ERIC Number: EJ1071744
Record Type: Journal
Publication Date: 2015
Abstractor: As Provided
Reference Count: 40
Frequency and Informativeness of Gestural Cues Accompanying Generic and Particular Reference
Meyer, Meredith; Gelman, Susan A.; Stilwell, Sarah M.
Language Learning and Development, v11 n4 p285-309 2015
Generic noun phrases, or generics, refer to abstract categories ("Dogs" bark) rather than particular individuals ("Those dogs" bark). Study 1 investigated how parents use gestures in association with generic versus particular reference during naturalistic interactions with their 2- and 3-year-old children. Parents provided deictic gestures more frequently during particular reference, whereas no type of gesture was promoted by generic reference. Study 2 assessed the informativeness of parents' gestures. Undergraduate students watched silent clips of the parent-child interactions and guessed what parents were discussing. Participants were unable to make use of parents' gestures to reliably detect generic reference, though they were able to use gestural information to detect particular reference in contexts featuring multiple possible referents. We suggest that generics cannot be acquired via associative processes and discuss alternative accounts of acquiring the distinction between generic and particular.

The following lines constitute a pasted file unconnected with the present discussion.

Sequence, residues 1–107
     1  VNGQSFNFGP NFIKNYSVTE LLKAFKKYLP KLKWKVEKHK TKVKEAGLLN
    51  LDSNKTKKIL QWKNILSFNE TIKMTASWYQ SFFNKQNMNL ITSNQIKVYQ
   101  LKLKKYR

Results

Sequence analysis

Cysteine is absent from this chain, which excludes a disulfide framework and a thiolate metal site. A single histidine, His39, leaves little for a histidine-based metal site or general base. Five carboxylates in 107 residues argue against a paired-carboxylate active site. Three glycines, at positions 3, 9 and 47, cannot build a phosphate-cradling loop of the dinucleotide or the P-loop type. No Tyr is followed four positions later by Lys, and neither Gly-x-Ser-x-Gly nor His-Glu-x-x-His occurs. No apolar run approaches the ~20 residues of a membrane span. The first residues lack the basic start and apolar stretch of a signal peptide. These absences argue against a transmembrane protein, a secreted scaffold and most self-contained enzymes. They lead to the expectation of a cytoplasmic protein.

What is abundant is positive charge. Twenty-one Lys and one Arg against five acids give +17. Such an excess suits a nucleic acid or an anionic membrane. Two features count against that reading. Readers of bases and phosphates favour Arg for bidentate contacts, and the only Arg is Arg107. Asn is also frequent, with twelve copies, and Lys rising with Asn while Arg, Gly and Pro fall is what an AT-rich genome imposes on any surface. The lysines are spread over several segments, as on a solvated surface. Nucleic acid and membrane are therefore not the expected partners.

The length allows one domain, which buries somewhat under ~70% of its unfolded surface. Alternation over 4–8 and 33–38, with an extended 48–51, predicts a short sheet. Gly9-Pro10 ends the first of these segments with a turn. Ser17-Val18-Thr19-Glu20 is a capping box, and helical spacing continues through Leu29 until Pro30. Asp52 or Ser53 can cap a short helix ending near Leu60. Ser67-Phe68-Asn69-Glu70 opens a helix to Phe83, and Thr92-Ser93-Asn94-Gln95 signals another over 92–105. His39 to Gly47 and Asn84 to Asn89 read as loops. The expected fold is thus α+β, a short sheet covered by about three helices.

Descriptors: Cues, Nonverbal Communication, Undergraduate Students, Nouns, Phrase Structure, Parent Child Relationship, Toddlers, Student Attitudes, Associative Learning, Vocabulary Development, Speech Communication, Coding, Task Analysis, Video Technology, Animals, Accuracy
Psychology Press. Available from: Taylor & Francis, Ltd. 325 Chestnut Street Suite 800, Philadelphia, PA 19106. Tel: 800-354-1420; Fax: 215-625-2940; Web site: http://www.tandf.co.uk/journals
Publication Type: Journal Articles; Reports - Research; Tests/Questionnaires
Education Level: Higher Education; Postsecondary Education
Sponsor: National Science Foundation (NSF)
Authoring Institution: N/A
IES Grant or Contract Numbers: BCS-0817128